Helen of Marlowe's Blog

Nero Wolfe’s Income Taxes

Posted in "North Carolina", Literature, Politics by helenofmarlowe on August 25, 2012

Nero Wolfe, detective extraordinaire who sprang from the imagination of Rex Stout in the 1930s, is in the 90%  (marginal) tax bracket.

I was reminded of today’s conflict between Tea Party Republicans and the Occupiers, and almost everyone in between, when I recently read a Nero Wolfe mystery.

Most of Nero Wolfe’s clients come into his office with a $10,000 deposit. And with assurance that this is only a deposit, and that after the job is completed, Wolfe can make out the bill for whatever he wants it to be. Wolfe usually replies something to the effect that he always makes out his bill for whatever he wants it to be.

But in “Instead of Evidence” (1946) Wolfe is about to turn down a job. Not just because he doesn’t like the job, but also because the fee being offered is absurdly low, only – at least for deposit – $5000.

The client stuck his cigar in his mouth, took it out again, and asked, “What’s the matter, don’t you want five thousand dollars?”

Wolfe said gruffly, “I wouldn’t get five thousand dollars. This is October. As my nineteen forty-five income now stands, I’ll keep about ten per cent of any additional receipts after paying taxes. Out of five thousand, five hundred would be mine. If Mr. Blaney is as clever as you think he is, I wouldn’t consider trying to uncover him on a murder for five hundred dollars.”

The prospective client is not so easily deterred. His hand went into a pocket and came out full of folded money, and he began to speak to Mr. Wolfe of the advantage of taking cash, thereby allowing the detective to keep the full amount. No receipt required.

But, as narrator and Wolfe sidekick Archie Goodwin reports,

Wolfe’s look stopped him. “Pfui,” Wolfe said. He hadn’t had as good a chance to show off for a month. “I am not a common cheat. Not that I am a saint. Given adequate provocation, I might conceivably cheat a man – or a woman or even a child. But you are suggesting that I cheat, not a man or woman or child, but a hundred and forty million of my fellow citizens. Bah.”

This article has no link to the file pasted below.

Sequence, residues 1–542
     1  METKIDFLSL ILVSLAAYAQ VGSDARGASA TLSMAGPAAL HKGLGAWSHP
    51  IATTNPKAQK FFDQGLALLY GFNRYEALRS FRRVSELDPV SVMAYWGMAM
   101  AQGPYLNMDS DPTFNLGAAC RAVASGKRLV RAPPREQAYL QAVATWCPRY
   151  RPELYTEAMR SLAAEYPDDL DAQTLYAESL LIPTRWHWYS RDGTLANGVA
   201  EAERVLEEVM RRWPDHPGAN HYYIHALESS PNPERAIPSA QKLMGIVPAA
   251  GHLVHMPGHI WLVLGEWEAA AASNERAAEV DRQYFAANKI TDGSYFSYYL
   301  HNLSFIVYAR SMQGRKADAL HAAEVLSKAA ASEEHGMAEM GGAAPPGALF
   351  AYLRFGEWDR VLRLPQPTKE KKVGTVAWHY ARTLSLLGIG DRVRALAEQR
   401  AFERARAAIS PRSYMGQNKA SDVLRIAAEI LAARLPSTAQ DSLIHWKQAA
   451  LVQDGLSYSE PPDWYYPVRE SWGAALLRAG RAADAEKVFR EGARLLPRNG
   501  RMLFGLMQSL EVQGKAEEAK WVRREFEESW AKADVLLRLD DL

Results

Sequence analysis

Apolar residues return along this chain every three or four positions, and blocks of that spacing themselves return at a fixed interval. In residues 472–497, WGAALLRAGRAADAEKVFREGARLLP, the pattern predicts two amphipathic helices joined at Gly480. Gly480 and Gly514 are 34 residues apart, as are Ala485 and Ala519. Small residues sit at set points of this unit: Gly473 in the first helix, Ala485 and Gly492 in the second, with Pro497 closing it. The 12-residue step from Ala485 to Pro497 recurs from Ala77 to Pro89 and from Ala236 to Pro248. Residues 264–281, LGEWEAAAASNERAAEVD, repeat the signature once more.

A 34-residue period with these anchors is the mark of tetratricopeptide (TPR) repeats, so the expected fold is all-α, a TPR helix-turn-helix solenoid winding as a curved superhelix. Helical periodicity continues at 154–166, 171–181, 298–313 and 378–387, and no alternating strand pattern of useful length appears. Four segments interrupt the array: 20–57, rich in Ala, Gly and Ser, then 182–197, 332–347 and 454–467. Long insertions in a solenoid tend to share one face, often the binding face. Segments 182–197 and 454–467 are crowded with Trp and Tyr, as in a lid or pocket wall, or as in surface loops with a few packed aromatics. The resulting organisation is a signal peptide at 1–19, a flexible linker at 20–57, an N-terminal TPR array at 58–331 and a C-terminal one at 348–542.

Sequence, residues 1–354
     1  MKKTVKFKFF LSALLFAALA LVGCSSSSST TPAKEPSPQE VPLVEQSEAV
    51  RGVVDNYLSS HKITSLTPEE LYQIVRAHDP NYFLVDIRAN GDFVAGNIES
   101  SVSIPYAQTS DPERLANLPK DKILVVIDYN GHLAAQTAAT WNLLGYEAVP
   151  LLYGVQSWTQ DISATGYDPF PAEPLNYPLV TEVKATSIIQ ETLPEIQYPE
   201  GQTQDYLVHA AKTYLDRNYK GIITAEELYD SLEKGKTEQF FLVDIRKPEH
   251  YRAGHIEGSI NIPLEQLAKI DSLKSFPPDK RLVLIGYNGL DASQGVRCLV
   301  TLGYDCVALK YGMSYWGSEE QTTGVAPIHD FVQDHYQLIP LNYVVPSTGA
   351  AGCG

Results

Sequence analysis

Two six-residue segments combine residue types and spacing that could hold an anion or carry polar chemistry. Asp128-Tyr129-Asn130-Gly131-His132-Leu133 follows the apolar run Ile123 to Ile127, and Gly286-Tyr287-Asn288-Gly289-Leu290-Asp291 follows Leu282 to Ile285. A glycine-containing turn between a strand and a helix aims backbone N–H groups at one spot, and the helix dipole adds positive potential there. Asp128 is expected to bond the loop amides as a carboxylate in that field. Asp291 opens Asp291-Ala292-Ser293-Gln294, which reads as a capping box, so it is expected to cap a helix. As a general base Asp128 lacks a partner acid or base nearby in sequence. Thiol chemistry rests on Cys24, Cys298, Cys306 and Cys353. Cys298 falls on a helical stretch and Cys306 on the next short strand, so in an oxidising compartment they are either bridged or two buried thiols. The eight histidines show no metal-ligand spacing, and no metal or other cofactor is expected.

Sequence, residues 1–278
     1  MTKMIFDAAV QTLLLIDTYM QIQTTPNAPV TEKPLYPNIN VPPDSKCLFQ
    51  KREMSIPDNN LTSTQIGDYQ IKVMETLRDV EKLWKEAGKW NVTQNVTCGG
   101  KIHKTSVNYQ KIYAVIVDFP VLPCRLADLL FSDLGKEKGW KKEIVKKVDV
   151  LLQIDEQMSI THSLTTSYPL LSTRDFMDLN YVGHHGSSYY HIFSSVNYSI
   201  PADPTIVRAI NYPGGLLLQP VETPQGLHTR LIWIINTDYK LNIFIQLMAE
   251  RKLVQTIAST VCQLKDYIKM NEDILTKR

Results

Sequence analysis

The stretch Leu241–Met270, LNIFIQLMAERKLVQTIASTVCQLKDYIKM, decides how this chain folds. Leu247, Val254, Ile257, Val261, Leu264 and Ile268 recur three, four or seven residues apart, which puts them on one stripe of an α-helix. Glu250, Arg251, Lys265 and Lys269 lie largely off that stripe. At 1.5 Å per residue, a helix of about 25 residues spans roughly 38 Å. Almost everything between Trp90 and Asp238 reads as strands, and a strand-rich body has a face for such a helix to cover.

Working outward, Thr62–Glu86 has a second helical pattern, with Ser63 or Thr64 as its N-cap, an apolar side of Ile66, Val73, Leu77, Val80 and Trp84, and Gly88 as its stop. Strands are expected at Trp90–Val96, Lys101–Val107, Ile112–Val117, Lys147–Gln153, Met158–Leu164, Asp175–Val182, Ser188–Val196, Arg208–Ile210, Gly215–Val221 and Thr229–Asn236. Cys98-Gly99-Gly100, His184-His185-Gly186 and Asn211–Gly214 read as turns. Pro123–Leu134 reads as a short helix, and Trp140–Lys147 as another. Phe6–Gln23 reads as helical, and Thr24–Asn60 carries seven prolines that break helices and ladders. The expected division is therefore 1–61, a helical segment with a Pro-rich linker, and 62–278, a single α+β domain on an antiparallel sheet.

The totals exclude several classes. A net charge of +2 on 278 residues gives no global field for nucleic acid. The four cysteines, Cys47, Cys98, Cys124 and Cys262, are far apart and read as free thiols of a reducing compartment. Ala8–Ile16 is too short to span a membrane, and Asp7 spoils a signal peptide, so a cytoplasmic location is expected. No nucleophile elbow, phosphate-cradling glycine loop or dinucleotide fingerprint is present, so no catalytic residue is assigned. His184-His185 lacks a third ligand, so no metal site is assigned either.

No Swiss bank accounts or off-shore investments or hedge funds for Nero Wolfe.  No hiding assets in the Cayman Islands.  Cheat a hundred and forty million of his fellow citizens? Bah!

7 Responses

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  1. Joseph Gilmore said, on August 25, 2012 at 6:43 pm

    Reminds me of a guy of which my conservative friends ask, “Why do you fault the man for being smart?” But it’s much more complicated than that isn’t it. Bravo Nero – or Rex, Bravo!

    • helenofmarlowe said, on August 25, 2012 at 11:12 pm

      Yep, I think I’ve heard of that character. Smart enough to keep the lid on his tax returns.

  2. Jim Wheeler said, on August 25, 2012 at 10:39 pm

    Love it!! Nicely done, Helen.

    • helenofmarlowe said, on August 25, 2012 at 11:13 pm

      Thanks Jim. There’s a lot to like about Nero Wolfe.

      • Carol Freeman said, on August 31, 2012 at 2:42 pm

        Oh, Helen, you’re so right! There’s very much to like, about him and Archie and their relationship. I love this quote–my daughter read it to me last weekend, I presume from Facebook–but she didn’t say “Nero Wolfe.” Once I knew who had said it, it made perfect sense. There was also much to like about Rex Stout, and his sister Ruth, both of whom were active in liberal causes, Rex being a founding board member of the ACLU.

  3. vorsteggianuu said, on September 2, 2012 at 8:15 pm

    Although I’m a newcomer to Rex Stout, it’s easy to see why discriminating readers like Carol and Tom Phillips have read dozens of Nero Wolf & Archie stories. Their world view is essentially the same as that of Superman and Batman whose comics I devoured when I was a teenager. Except that Stout’s characters have no superpowers or super-charged cars. They rely entirely on their intelligence

  4. Johne470 said, on June 17, 2014 at 9:18 pm

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